Curation – Storytelling and Composition

One moment from the protest resonated particularly strongly with me. We were nearing the end of the march, and all of the protesters were stood in front of the Legislative Council building. In a show of defiance, all of the protesters crossed their arms above their heads in the now-universal X symbol. I felt a surge of emotion and solidarity that I just don’t feel in my day-to-day photography, and turned around to photograph the moment. Since I’m no taller than average, I had to raise my camera above my head, zone focus, and trust my familiarity with a 35mm lens to feel the image I was framing. Yes, a digital camera with a tilty-flippy screen would have made framing easier, but I love rangefinders and they are my tool of choice.

I shot about five frames from this angle. In the end, it came down to two candidate images:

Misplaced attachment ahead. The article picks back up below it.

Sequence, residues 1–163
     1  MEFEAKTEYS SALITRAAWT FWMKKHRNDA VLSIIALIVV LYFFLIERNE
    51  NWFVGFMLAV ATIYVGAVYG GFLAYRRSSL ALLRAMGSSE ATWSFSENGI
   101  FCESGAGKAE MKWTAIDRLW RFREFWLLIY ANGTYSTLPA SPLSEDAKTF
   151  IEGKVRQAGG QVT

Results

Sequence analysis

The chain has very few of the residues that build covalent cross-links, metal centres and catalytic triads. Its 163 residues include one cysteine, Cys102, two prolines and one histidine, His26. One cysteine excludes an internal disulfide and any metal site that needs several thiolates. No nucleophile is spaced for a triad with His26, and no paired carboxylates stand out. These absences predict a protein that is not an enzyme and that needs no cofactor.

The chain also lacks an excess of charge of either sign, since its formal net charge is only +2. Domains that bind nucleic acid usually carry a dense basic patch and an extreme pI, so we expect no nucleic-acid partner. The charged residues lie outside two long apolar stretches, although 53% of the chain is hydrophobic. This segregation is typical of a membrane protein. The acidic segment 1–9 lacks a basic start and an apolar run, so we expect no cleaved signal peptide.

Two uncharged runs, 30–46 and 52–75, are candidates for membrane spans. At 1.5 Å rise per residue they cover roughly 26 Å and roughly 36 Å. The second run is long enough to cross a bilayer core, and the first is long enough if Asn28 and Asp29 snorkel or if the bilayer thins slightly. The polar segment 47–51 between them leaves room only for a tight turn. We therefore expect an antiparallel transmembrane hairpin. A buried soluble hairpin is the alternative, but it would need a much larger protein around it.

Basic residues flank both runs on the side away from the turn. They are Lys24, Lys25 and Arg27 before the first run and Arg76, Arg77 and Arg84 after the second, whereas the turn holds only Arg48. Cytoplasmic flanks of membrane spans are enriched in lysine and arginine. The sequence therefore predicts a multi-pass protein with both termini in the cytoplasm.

I ended up choosing the first photo. Yes, the main subject – the woman in the foreground – is out of focus compared to the second image. However the photo I wanted isn’t about her. It’s not a portrait. The story and emotion I wanted to convey was more about the scale and vibe of the protest as a whole, and a sense of being part of something larger than yourself, rather than highlighting one individual’s expression.

Additionally, it adheres to two compositional principles that I find make for compelling photos.

First, The Diagonal Method, where important elements of the photo fall along the diagonals. I find this principle generally more compelling than the rule of thirds, because it works for all aspect ratios, including 1:1 and the XPan’s wonderful 65:24 ratio.